March 21, 2017 ? World News | The Telegraph
Chengdu, one of the most dynamic cities in the country, is rapidly becoming one of western China’s most important bioindustry centres, as it continues to work with international entities in the field.
On 30 December the J. Michael Bishop Institute of Cancer Research was founded in the Chengdu International Biotech Industry Town, a project jointly developed by the Chengdu Hi-Tech Industrial Development Zone in the city’s Shuangliu district and the district government since last March. ?The town is designed to be an industrial park with global influence, said its developers.
The institute is named after the United States immunologist and microbiologist, who was a Nobel laureate in physiology or medicine.
The aim is for the institute to become a world-class comprehensive cancer centre that discovers, develops and produces targeted anticancer drugs. The town’s goal is to gather a total of 30,000 companies in the bio-industry fields by 2035.
“Professor Bishop believes that science reaches beyond national borders,” said Yang Dun, director of the institute. “He has not only authorised us to name the institute after him, but also helps us a lot in sharing research achievements and resources by providing us with access to high-level academic exchange platforms.”
The cancer institute will strive to maintain and promote its world-class status for the research and development of anticancer drugs, Mr Yang said.
He added that the institute will make full use of its resources in the US, Britain, Germany and China to conduct research and development. Any developments and breakthroughs it makes will be used in clinics worldwide.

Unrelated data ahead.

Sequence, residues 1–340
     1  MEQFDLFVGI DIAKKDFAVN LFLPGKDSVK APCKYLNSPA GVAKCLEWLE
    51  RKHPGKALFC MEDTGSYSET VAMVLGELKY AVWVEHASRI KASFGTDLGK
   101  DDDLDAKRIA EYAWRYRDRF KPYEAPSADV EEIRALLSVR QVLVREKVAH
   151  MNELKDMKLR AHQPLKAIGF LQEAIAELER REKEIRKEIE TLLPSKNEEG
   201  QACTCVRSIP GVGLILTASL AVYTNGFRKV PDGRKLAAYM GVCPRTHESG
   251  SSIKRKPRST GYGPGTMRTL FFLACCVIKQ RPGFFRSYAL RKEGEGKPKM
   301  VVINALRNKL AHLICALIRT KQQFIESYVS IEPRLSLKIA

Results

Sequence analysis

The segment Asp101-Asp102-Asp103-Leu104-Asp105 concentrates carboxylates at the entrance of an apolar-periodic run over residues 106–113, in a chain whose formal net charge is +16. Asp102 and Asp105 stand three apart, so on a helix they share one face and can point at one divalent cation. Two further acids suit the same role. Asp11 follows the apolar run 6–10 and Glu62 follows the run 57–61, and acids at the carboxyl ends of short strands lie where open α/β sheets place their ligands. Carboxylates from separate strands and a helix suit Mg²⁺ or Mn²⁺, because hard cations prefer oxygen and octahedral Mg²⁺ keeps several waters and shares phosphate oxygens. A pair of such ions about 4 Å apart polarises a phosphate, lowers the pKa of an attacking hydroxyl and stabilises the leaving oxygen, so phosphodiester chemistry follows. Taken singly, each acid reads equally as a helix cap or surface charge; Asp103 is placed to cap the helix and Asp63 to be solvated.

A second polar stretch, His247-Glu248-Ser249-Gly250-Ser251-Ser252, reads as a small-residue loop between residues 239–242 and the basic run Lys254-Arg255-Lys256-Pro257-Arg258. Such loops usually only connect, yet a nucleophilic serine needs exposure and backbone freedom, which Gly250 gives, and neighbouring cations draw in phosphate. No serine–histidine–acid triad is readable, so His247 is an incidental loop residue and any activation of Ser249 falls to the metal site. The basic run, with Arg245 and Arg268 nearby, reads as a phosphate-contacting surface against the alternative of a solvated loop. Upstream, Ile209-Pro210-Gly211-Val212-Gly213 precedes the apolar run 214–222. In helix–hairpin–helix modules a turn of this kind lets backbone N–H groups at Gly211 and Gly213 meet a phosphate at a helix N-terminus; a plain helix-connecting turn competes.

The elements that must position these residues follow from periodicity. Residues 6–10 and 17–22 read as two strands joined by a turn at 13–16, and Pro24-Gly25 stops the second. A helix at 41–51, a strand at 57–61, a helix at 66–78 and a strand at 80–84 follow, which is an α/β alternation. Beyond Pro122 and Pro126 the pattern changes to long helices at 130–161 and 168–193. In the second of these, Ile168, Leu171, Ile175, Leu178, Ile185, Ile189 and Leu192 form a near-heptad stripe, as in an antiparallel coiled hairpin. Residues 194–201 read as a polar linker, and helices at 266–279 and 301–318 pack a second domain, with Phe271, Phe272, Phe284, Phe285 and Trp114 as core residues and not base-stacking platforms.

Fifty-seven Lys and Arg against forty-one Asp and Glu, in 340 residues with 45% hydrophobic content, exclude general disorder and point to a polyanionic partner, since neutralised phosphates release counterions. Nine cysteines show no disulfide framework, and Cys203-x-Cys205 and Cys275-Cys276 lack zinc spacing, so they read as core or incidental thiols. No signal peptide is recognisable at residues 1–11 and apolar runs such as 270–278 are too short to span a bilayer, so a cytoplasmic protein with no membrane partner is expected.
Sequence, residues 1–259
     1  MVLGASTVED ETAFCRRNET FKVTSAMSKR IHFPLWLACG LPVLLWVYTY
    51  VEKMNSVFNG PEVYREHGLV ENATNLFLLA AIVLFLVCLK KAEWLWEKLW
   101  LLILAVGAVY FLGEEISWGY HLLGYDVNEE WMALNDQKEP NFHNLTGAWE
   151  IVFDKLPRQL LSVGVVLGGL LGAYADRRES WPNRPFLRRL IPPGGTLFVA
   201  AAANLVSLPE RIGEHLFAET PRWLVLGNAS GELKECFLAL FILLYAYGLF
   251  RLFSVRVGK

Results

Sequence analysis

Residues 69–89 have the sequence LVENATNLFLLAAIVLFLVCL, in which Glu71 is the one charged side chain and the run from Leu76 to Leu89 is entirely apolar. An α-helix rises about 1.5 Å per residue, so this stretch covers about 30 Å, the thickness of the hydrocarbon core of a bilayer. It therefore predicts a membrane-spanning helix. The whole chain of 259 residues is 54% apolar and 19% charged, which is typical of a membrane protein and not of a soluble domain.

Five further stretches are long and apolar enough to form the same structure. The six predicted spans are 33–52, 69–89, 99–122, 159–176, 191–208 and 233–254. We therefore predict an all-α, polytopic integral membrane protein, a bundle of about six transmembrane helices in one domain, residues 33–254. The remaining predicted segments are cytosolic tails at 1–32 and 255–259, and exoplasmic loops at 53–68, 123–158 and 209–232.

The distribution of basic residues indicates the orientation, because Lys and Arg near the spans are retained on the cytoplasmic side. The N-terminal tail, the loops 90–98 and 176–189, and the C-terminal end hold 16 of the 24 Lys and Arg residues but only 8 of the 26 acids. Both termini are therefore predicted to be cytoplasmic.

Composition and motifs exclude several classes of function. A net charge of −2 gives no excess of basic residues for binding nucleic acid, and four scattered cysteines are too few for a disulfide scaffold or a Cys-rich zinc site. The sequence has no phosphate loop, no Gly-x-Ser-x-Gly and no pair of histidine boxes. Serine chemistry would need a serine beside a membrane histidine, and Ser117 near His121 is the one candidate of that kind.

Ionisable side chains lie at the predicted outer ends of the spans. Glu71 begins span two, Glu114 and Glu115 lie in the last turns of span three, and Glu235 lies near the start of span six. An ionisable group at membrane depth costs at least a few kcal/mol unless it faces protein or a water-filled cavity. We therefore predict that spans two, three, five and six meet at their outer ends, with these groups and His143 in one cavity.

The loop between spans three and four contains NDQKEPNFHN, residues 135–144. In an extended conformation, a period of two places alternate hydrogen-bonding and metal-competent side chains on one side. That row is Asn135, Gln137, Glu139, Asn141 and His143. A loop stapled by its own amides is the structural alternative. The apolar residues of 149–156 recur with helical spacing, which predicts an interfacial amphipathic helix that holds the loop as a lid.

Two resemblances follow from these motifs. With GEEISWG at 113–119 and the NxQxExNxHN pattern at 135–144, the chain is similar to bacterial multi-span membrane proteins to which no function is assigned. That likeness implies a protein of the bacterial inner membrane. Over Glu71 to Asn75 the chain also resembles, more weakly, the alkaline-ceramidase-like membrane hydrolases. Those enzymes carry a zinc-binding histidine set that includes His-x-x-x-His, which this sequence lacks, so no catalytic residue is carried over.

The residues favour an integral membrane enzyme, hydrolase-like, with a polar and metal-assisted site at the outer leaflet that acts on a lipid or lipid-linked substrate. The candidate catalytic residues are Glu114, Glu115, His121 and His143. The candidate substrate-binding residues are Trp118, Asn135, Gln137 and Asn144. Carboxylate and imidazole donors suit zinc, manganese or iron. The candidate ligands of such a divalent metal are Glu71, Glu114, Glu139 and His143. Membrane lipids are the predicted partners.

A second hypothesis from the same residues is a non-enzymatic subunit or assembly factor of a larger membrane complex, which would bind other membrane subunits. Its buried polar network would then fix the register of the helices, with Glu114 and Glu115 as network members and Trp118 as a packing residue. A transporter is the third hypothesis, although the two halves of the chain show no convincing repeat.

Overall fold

The institute will also build a business incubator for local microbiological enterprises and work more closely with universities and colleges in Southwest China, Yang said.
Chen Fu, deputy director of the administrative committee of the Chengdu Hi-Tech Industrial Development Zone, said the establishment of the institute is critical for the establishment and development of the Chengdu International Biotech Industry Town, which will help to accelerate the development of its biomedicine industrial cluster, deepen international exchanges and co-operation, strengthen science and technology R&D, and attract high-level professionals.
Another institute named after K. Barry Sharpless, a Nobel laureate in chemistry, also signed an agreement to establish a presence in the biotech industry town last year.
The institute will promote the growth of the town in R&D, attracting professionals, incubating businesses and industrialising research achievements, local officials said.
To promote the development of these leading projects, the town will set up an industrial development fund of no less than 10 billion yuan (￡1.19 billion).
With a total planned area of 44 square kilometres (17 square miles), the town will focus on the development of biological medicine, biomedical engineering, health and other service industries.
Its goal is to gather a total of 30,000 companies in the bio-industry fields by 2035, generating 500 billion yuan in total revenue, according to plans for the town.